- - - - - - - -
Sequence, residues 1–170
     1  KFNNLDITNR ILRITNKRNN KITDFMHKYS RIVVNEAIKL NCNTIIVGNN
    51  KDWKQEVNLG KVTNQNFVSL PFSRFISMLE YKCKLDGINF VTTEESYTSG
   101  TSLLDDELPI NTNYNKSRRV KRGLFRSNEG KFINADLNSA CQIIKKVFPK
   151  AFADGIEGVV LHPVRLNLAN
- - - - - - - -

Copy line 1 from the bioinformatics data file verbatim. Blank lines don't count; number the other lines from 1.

Sequence, residues 1–170